The gigantic mollusk seen by Nemo

Horace Lunt, Across Lots, Boston, D. Lothrop, 1888, p. 179-181.

The crew of that wonderful sub-marine ship of Jules Verne’s imagination never encountered more surprising creatures than one can collect in a day’s search in any pond or stream within a radious of ten miles of the metropolis. The gigantic mollusk seen by Nemo at the bottom of the ocean would be less amazing to me than the larvae of the May-fly, the common caddis-worm, which have the curious instinct of building for themselves millions of homes for the protection of their dainty bodies against the crafty and greedy fish. There are several species, two of which we will at once put under our glass. They are working amid a thousand perils ; here a playful shiner swims up noiselessky to nibble, but the stone mason suddenly quits his labor and goes in. The danger being over, it cautiously shows its head again and resumes the occupation of clutching with its mandibles and feet small grains of sand, actually turning each grain over and over, as the workman in building a stone wall will turn a rock in his hands to decide its best fitting-place. Then with water-proof cement (saliva) it places grain after grain around the end the case until it is completed. In this little round stones house it crawl along on the bottom of the tank, comparatively safe, proving too much even for a fish’s curiosity, but at the expense of a very heavy burden, and, when in its native stream, eking out a most precarious existence of two species.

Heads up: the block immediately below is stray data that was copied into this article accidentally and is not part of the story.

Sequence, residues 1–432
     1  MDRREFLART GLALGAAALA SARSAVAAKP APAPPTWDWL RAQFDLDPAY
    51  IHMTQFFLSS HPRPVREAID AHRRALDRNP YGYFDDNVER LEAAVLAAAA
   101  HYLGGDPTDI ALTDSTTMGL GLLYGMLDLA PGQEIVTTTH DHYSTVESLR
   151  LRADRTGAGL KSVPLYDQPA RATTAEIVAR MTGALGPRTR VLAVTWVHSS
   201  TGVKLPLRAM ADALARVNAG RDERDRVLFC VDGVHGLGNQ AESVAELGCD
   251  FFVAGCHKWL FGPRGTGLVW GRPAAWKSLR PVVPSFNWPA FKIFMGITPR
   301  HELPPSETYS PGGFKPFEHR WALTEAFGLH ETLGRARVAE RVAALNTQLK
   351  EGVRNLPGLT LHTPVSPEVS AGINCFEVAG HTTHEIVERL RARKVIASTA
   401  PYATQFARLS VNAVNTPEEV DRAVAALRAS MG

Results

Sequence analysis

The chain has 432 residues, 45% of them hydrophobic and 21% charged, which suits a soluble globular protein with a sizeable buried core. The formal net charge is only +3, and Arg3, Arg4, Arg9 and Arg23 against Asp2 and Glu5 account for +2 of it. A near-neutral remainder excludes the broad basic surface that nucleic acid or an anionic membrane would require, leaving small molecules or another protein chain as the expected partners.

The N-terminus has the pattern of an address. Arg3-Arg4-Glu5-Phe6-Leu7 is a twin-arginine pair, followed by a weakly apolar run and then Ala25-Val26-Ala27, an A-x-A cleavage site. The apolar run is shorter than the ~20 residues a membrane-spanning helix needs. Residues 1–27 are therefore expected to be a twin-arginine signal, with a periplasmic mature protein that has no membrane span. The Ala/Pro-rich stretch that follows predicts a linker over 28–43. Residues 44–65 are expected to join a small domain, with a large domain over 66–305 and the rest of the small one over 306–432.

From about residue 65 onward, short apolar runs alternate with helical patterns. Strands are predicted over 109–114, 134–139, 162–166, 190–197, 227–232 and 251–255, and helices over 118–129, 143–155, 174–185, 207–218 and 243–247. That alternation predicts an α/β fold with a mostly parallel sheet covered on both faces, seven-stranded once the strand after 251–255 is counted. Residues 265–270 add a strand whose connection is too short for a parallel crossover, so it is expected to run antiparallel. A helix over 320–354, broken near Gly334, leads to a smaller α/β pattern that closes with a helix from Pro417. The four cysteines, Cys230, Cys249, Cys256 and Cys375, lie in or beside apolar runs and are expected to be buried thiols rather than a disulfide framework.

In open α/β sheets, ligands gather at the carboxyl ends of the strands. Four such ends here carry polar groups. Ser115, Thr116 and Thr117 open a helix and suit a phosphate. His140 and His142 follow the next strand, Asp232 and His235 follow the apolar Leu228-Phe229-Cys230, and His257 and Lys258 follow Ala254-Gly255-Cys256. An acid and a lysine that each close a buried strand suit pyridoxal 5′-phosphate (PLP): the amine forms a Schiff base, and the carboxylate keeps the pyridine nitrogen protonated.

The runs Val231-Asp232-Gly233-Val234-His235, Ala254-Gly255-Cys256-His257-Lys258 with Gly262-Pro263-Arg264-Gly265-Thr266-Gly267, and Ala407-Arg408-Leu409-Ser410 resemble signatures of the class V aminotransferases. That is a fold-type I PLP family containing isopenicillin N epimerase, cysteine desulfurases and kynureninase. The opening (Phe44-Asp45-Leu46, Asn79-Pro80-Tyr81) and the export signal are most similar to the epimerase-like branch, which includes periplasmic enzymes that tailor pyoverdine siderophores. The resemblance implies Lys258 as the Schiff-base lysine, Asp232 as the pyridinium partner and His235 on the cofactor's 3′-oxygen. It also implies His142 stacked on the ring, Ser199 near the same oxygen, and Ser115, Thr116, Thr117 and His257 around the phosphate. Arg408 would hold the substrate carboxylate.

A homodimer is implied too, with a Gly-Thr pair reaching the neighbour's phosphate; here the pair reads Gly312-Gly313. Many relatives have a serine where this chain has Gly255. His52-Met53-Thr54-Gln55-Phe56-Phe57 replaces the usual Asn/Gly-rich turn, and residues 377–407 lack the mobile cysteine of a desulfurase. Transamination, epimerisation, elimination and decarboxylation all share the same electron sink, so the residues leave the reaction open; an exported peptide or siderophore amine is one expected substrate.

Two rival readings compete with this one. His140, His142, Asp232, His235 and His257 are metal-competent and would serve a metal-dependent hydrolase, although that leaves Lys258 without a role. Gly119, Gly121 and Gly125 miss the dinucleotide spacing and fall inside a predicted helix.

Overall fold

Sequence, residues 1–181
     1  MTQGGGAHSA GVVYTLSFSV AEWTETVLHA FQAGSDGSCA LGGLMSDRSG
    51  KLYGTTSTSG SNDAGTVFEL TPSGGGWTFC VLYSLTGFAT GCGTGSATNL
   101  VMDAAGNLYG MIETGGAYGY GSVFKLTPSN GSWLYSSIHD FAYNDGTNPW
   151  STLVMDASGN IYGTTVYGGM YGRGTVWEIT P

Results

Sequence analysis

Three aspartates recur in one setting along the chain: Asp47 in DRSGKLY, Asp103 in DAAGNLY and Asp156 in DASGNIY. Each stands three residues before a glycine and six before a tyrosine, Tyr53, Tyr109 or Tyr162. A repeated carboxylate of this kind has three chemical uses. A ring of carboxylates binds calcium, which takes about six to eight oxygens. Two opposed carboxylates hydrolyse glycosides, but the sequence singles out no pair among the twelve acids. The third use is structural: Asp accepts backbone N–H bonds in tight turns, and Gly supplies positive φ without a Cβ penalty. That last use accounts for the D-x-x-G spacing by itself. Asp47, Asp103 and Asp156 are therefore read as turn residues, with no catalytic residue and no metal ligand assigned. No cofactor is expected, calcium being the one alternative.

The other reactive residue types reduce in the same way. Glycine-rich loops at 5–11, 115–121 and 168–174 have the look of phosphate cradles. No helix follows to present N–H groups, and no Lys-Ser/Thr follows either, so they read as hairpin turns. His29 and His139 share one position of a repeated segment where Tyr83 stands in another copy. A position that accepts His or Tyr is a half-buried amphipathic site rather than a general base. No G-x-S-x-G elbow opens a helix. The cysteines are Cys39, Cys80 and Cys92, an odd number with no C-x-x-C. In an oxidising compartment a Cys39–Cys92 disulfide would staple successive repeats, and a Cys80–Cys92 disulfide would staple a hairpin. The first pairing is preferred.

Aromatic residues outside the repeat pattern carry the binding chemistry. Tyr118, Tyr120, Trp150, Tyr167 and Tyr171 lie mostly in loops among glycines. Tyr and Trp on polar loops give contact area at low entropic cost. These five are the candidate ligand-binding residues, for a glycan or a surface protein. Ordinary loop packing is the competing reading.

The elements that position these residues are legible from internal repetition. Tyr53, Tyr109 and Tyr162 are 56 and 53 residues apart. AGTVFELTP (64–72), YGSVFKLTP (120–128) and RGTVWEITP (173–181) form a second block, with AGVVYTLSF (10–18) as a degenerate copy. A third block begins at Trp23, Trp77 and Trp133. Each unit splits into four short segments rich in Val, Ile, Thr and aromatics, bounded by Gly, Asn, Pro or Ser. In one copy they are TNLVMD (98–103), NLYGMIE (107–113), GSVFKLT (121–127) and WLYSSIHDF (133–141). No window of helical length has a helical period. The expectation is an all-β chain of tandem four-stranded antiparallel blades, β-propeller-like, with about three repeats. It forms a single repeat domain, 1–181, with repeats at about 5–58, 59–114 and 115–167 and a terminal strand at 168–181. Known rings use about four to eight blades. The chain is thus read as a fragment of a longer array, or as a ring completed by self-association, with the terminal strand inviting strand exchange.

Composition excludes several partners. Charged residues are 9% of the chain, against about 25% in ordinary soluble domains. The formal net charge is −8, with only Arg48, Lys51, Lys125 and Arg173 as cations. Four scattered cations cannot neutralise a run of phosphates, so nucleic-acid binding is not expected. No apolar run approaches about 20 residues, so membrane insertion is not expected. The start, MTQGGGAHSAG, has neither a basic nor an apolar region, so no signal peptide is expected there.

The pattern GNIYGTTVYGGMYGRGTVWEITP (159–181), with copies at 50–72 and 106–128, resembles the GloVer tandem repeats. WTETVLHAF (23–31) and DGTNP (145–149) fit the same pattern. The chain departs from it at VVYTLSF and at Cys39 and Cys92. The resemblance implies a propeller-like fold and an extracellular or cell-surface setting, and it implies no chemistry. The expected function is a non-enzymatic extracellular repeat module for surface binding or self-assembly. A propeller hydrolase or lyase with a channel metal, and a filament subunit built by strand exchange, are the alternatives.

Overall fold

The other species under our observation is quite small and not so clumsy. Its house is made of short, narrow strips of grass, pasted together by the animal, and arranged in regular spirals. From it appear the head and two pairs of legs, by which it propels itself through the water, always maintaining a perpendicular position, and waltzing up to the surface in a most comical manner. We will rob this fellow of his home. The creatures offers some resistance, of course, but by careful maneuvering the burglary is commited without taking life. The interior is richly upholstered with fine spun silk, which no doubt secures the animal within the case, and prevents its tender body from rubbing too hard against the coarse material of which it is composed. On each side of the body are six pairs of leaf-like gills, connecting with air tubes by which this most interesting larva breathes. After viewing its forlon condition, we thrust it on the cold mercies of the aquarium, wherein it immediately sets about prospecting for another house.